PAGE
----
Life is more precious than the money we seek to make day in and day out. The people and children of the community will only do better to know you and share their time with you. We can all continue to help build this beautiful place we call home by offering it the most precious commodity of all:

You and me

 

Remember: grow; learn; conserve; preserve; create; question; educate; change; and free your mind.

About: Kelli Klymenko is an artist, a faculty member and the Marketing & Events Coordinator at Sedona Arts Center: a gathering place where artists can learn, teach, and exhibit their works at the center’s School of the Arts and Fine Art Gallery in uptown Sedona.

Those of us who live amongst the red rocks of Sedona are truly privileged. We are immersed in beauty at every waking moment. Good Morning America recently listed Sedona as the third most beautiful place in the United States. Hundreds of thousands of people flock here each year to bask in the natural magnificence that surrounds us. And it’s healthy, too! But it’s not just the beautiful landscape that has a healthy effect. Art, nature, beauty, and culture can heal, reduce stress, aid in thought and meditation, and engage the body and mind. In fact, a recent study by the Norwegian University of Science and Technology found that “a healthier cultural life may be an indicator of a healthier, happier life in general.” Now that’s something we all can live with... and live with longer!

This just goes along with everything I’ve been saying for a thousand lifetimes: art does the body good.

Of course we are typically drawn to beautiful landscapes; beautiful people; beautiful things. It’s only natural to want beauty in our lives. We constantly are in a state of beautification. We manicure our lawns, clean our homes, build additions, fix; remodel; refurbish, style, paint, sculpt, draw, design – all to make our world a better place, with a healthier ambiance. And because of this we can live longer, are happier and find peace within ourselves and all around us.

So what’s my point?

Art

Art is very important in our lives. The arts teach us to understand our visual culture and build communities. The art we create is not just a way to make a living – it’s a way of living. It’s sharing a piece of our soul. Artists of all walks of life create from the very depths of their inner beings and express themselves by sharing how they see their world. We can peek into the hearts of those around us and connect ourselves and our own feelings in the process. And as it turns out - it will keep us healthy, too.

I spoke of “time” last week. This week, take the time to paint or draw or sing or play. Engage your mind and body in the process of creating art. Take the time to make something beautiful. Write a poem, write a novel or finish a screenplay (this is something I need to do!) - But no matter what - make sure you actually do it (I’m speaking to myself here, too). Time is short and life can be longer if we slow down, open our eyes and become a bigger part of the beautiful world around us. People say I look ten years younger than I actually am. Perhaps it’s my active lifestyle and because I’ve been a vegetarian most of my life... or maybe it’s because of my art... and keeping that in mind - a painting a day, will keep the doctor away!

Remember: grow; learn; conserve; preserve; create; question; educate; change; and free your mind.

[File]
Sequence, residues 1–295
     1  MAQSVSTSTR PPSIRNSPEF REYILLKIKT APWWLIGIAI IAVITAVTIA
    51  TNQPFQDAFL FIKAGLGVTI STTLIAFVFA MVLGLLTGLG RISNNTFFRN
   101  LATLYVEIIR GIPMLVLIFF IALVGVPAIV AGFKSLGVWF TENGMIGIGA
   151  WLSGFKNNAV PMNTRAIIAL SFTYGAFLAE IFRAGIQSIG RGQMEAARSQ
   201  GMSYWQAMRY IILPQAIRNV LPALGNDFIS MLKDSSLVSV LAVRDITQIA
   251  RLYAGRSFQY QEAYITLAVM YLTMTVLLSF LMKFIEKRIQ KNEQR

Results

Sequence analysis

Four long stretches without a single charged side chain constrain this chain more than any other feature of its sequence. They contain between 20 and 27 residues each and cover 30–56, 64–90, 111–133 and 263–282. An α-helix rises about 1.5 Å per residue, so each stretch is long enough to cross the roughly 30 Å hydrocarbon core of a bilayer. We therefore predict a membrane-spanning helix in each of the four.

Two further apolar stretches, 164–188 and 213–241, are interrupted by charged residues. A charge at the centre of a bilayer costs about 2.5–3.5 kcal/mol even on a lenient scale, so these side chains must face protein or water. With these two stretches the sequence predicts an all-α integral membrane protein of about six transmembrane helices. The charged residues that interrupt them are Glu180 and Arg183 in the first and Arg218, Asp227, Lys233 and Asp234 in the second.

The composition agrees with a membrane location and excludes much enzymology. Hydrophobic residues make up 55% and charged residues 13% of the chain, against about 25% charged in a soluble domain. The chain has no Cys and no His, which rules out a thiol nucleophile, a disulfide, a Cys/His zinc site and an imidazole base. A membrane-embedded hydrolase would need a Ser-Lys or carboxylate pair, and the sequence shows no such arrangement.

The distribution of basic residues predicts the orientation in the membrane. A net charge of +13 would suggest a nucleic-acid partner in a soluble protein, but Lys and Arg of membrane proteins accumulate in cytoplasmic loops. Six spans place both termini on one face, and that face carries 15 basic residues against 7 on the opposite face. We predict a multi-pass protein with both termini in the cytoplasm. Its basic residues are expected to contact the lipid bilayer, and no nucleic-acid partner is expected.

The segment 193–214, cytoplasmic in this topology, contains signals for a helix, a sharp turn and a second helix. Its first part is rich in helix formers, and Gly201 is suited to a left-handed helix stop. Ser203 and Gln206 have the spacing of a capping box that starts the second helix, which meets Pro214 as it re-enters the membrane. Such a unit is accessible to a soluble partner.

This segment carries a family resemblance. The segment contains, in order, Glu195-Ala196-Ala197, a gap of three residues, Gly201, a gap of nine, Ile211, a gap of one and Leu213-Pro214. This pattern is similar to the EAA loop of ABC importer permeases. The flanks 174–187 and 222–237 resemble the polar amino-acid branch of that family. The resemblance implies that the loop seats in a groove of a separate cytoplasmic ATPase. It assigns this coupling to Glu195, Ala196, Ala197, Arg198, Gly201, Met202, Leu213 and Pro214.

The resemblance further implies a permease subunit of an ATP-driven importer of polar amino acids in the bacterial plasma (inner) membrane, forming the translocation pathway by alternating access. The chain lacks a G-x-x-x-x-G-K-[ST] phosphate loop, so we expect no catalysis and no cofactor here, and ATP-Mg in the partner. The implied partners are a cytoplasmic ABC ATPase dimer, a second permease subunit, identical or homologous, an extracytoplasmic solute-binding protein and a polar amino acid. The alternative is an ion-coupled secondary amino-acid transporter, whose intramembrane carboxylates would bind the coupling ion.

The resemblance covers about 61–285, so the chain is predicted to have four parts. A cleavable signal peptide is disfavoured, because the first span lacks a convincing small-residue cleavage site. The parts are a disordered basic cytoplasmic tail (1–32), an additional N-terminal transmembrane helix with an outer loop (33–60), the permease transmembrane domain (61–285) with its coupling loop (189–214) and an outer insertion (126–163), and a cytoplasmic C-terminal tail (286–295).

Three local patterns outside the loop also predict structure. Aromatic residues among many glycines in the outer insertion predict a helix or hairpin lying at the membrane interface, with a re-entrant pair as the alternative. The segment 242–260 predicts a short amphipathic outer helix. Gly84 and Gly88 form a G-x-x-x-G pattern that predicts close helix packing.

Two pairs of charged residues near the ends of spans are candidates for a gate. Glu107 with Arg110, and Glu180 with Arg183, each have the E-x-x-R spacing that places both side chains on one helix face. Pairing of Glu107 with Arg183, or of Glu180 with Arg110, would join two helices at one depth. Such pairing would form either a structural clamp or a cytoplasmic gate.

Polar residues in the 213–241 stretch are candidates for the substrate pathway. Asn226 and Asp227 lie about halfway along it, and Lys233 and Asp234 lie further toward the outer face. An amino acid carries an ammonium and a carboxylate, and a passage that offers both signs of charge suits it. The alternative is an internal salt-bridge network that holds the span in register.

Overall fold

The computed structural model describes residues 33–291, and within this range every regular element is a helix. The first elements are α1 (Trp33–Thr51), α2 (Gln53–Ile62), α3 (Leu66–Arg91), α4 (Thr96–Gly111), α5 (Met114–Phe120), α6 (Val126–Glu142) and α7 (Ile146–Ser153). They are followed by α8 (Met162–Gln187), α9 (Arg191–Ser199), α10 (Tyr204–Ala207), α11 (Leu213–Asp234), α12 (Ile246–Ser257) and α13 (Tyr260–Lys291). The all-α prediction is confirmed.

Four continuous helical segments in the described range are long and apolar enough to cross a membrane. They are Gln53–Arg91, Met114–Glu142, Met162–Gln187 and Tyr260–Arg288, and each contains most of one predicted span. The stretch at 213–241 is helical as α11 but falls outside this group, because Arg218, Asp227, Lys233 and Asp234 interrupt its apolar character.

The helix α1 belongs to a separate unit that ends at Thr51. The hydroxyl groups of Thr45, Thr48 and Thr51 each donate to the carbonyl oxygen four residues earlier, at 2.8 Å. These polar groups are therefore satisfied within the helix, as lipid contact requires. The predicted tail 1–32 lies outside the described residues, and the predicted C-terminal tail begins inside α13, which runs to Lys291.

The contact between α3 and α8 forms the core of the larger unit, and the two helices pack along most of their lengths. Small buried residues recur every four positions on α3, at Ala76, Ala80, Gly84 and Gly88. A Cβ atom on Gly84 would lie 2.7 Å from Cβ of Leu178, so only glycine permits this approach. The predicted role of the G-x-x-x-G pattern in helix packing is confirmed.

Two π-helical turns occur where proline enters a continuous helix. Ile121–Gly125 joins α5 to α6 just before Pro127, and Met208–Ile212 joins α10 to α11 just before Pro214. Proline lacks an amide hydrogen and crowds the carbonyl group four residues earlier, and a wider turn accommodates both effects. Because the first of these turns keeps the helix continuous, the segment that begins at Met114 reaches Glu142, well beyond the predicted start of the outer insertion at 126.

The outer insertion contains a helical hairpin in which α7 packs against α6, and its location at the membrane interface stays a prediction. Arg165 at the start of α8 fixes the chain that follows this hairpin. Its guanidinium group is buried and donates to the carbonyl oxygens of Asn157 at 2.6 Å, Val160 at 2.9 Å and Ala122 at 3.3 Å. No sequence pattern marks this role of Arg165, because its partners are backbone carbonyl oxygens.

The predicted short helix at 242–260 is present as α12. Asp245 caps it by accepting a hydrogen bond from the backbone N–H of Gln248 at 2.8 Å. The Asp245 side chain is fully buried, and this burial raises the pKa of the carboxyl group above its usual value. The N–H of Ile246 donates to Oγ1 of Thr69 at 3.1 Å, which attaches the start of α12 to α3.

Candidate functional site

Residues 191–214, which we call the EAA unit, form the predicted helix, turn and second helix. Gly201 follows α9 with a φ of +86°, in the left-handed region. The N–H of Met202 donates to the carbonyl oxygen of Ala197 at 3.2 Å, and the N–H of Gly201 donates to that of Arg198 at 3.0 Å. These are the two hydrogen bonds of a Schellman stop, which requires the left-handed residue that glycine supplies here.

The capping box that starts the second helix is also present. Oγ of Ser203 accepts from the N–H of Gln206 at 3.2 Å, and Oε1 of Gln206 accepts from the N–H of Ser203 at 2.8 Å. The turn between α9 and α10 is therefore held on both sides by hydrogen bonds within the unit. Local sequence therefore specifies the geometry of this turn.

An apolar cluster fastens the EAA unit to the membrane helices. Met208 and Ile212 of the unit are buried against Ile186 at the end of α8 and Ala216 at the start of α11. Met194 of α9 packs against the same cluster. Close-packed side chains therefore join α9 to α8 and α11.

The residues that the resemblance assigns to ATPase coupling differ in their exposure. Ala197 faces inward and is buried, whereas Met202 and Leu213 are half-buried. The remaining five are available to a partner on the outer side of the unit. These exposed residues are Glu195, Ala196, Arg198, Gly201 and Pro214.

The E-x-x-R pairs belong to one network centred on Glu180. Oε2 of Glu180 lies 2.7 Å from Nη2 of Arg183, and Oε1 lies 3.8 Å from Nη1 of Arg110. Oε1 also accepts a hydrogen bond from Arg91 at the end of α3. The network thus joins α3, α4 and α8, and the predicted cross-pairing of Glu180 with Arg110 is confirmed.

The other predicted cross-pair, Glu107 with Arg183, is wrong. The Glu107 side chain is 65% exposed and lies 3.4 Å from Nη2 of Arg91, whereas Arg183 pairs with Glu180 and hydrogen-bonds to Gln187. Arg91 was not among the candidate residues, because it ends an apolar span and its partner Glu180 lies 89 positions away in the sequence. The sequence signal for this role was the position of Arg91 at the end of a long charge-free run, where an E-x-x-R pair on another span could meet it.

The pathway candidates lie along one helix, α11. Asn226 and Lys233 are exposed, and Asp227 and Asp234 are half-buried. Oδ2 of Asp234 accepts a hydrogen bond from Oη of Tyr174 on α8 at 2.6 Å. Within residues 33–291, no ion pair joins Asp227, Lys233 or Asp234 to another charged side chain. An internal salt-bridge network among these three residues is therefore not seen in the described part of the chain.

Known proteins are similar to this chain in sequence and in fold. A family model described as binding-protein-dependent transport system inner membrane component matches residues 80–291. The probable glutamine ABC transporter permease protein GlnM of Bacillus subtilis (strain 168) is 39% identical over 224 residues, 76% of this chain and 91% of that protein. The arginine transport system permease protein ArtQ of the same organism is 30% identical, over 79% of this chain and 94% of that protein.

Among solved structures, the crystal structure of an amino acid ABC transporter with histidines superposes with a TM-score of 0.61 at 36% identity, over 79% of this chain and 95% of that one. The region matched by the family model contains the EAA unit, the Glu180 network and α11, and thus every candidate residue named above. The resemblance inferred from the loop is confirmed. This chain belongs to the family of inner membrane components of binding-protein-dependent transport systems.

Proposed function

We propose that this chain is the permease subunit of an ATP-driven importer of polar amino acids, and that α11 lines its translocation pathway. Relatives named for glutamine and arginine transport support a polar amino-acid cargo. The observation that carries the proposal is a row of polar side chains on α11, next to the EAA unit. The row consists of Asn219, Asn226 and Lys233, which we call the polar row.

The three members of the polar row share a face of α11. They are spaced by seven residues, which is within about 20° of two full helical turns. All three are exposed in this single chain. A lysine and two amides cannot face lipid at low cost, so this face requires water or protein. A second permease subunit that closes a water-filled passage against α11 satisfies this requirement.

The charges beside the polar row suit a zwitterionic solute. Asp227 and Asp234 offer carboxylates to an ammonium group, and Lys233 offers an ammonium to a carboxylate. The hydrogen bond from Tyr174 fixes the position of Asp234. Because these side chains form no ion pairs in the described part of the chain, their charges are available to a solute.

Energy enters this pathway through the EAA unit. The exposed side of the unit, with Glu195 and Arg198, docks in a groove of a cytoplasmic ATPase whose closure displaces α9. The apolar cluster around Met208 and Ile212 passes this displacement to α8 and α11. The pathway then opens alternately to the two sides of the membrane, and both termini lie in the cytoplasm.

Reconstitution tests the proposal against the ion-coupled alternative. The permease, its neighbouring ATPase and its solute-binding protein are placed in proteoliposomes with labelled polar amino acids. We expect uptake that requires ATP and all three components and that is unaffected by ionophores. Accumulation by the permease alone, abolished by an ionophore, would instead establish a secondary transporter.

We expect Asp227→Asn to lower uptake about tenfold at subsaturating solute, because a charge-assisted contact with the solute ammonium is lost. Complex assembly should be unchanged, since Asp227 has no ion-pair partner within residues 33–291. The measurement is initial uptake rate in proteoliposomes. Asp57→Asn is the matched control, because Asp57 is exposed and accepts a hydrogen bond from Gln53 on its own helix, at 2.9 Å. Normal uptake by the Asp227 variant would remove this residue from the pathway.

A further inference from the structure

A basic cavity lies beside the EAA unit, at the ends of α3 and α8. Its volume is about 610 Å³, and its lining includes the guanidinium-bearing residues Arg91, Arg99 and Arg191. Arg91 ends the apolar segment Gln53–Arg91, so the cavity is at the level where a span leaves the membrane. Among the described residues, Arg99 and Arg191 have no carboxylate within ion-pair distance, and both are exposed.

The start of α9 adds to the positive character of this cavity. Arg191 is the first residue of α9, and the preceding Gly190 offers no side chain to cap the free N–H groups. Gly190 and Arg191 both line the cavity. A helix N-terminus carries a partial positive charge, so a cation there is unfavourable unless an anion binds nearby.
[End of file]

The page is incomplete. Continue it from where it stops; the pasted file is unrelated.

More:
About: Kelli Klymenko is an artist, a faculty member and the Marketing & Events Coordinator at Sedona Arts Center: a gathering place where artists can learn, teach, and exhibit their works at the center’s School of the Arts and Fine Art Gallery in uptown Sedona.

We find, have, take, make, and can be just in or out of time; it passes quickly or slowly and sometimes stands still; we often have too much or too little of it on our hands and now and then we just don’t know where it has gone. But the one thing that I am most sure of is – we are a part of it, it’s a part of us and most of us live and die by the clock. Not only are we connected by time, but by each other as well.

Fossil fuels derived from creatures that walked the Earth hundreds of millions of years ago are a very important part of our lives. Millions of years have passed and we are still connected. Art, culture, language and so much more has been traveled and shared by billions over time. We are undoubtedly connected to each other in time.

And time is running out…

Time is running out to finish or begin that classical piece you’ve been working on. The clock is ticking on taking that art workshop, music study or volunteering. The seconds relentlessly pass, mercilessly shaping our futures, so don’t let it pass you by.

I have to juggle work, art, writing, play, school for the kids and more. Sometimes this can be a daunting task. I moved to Sedona not only for the beauty and inspiration, but mostly for the more relaxed lifestyle that can often escape me. So I simply make time, creating it from thin air, and I slow down. I remind myself that no matter what lies before me, there will always be that extra ‘time’ to make it happen. I prioritize and take a moment to see the beauty surrounding me, even if I have to stop myself dead in my tracks. (Which I often do)

What I’m trying to say is… Take your time.

Take the time to enjoy the world around you. Explore the country if you can – or at least explore your country (or backyard). Take time for your family, children and friends. Take time to create art, and experiment with the world of mediums available to you. Use this time to look into the connection you have with the world, people and the far and distant past. Express this time in your art. Share your art all the time.

Remember: grow; learn; conserve; preserve; create; question; educate; change; and free your mind.

About: Kelli Klymenko is an artist, a faculty member and the Marketing & Events Coordinator at Sedona Arts Center: a gathering place where artists can learn, teach, and exhibit their works at the center’s School of the Arts and Fine Art Gallery in uptown Sedona.

 

When I was growing up there were two things that fascinated me: Art and Science. I knew at an early age that I would follow either one of those paths as I traveled down the fantastic road of life. I studied and collected stones and examined EVERYTHING under a microscope. I experimented with chemicals, concoctions and all forms of fizzing, foaming, folly. I also drew each night and day. I captured through my youthful eyes the world as I saw it, both abstract and surreal at times. After a while I brought my attention to detail to my parchment and discovered realism. I found that my art has evolved (as have my beliefs) through a clearly scientific method of investigating phenomena, acquiring new knowledge and then correcting and integrating previous knowledge. What I ultimately came to realize is - my artistic experience is affected by a neural mechanism that is inherent within all of us.